To explore this important issue, the Petrie-Flom Center for Health Law Policy, Biotechnology, and Bioethics is collaborating with Ropes & Gray LLP to host a one-day conference on value-based health care. This event will bring together scholars, health law practitioners, and health care entities to evaluate the impact of value-based health care on the American health care system.

This event is free and open to the public, but seating is limited and registration is required. Register now!

Sponsored by the Petrie-Flom Center for Health Law Policy, Biotechnology, and Bioethics at Harvard Law School with support from the Oswald DeN. Cammann Fund and Ropes & Gray LLP.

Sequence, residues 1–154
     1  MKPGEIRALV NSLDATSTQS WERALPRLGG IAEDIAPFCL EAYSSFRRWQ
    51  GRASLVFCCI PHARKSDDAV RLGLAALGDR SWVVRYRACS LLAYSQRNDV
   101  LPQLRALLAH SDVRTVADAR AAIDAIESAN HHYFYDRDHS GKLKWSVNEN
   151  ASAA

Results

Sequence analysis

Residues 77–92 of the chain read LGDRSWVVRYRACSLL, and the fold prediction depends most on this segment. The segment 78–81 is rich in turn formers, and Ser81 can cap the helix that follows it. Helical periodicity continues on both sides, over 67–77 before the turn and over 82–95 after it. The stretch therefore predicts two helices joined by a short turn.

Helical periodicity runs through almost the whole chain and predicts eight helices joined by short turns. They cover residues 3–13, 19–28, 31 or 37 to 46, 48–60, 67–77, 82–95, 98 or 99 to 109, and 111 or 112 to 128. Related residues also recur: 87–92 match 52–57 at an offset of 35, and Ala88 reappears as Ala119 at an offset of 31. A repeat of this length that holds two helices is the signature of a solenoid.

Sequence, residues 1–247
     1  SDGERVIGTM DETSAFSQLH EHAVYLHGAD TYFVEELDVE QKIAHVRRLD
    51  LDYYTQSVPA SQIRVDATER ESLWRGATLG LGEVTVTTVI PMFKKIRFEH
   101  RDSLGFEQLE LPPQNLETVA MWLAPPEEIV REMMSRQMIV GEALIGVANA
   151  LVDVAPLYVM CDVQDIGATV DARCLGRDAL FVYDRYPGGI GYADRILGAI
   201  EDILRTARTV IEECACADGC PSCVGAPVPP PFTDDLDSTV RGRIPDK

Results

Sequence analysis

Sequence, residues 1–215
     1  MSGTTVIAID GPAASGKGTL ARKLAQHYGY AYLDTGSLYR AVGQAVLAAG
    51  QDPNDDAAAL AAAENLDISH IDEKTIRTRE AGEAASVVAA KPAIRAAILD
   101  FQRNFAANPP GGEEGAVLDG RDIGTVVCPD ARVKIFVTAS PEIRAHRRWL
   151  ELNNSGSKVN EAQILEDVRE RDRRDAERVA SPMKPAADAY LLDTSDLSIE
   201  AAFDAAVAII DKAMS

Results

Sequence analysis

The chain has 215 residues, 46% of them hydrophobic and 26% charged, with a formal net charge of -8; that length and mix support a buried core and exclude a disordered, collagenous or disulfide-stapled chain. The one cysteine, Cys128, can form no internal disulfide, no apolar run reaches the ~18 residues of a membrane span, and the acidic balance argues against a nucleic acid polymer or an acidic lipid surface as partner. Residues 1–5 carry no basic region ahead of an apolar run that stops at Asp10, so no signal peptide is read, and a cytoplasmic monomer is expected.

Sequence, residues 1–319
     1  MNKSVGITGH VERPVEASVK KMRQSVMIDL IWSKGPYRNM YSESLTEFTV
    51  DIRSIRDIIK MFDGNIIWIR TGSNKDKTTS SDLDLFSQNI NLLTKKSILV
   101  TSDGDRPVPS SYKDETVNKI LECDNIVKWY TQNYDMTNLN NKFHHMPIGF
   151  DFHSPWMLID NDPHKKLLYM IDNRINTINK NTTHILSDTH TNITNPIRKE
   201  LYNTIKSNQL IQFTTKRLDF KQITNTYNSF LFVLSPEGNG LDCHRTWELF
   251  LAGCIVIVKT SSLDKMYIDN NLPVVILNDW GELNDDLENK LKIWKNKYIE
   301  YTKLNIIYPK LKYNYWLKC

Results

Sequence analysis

REGISTER NOW! Will Value-based Care Save the Health Care System?

Will Value-based Care Save the Health Care System?
March 2, 2018 9:00 AM – 5:00 PM
Wasserstein Hall, Milstein East ABC (2036)
Harvard Law School, 1585 Massachusetts Ave., Cambridge, MA

Value-based health care is one of the most pressing topics in health care finance and policy today. Value-based payment structures are widely touted as critical to controlling runaway health care costs, but are often difficult for health care entities to incorporate into their existing infrastructures. Because value-based health care initiatives have bipartisan support, it is likely that these programs will continue to play a major role in both the public and private health insurance systems. As such, there is a pressing need to evaluate the implementation of these initiatives thus far and to discuss the direction that American health care financing will take in the coming years.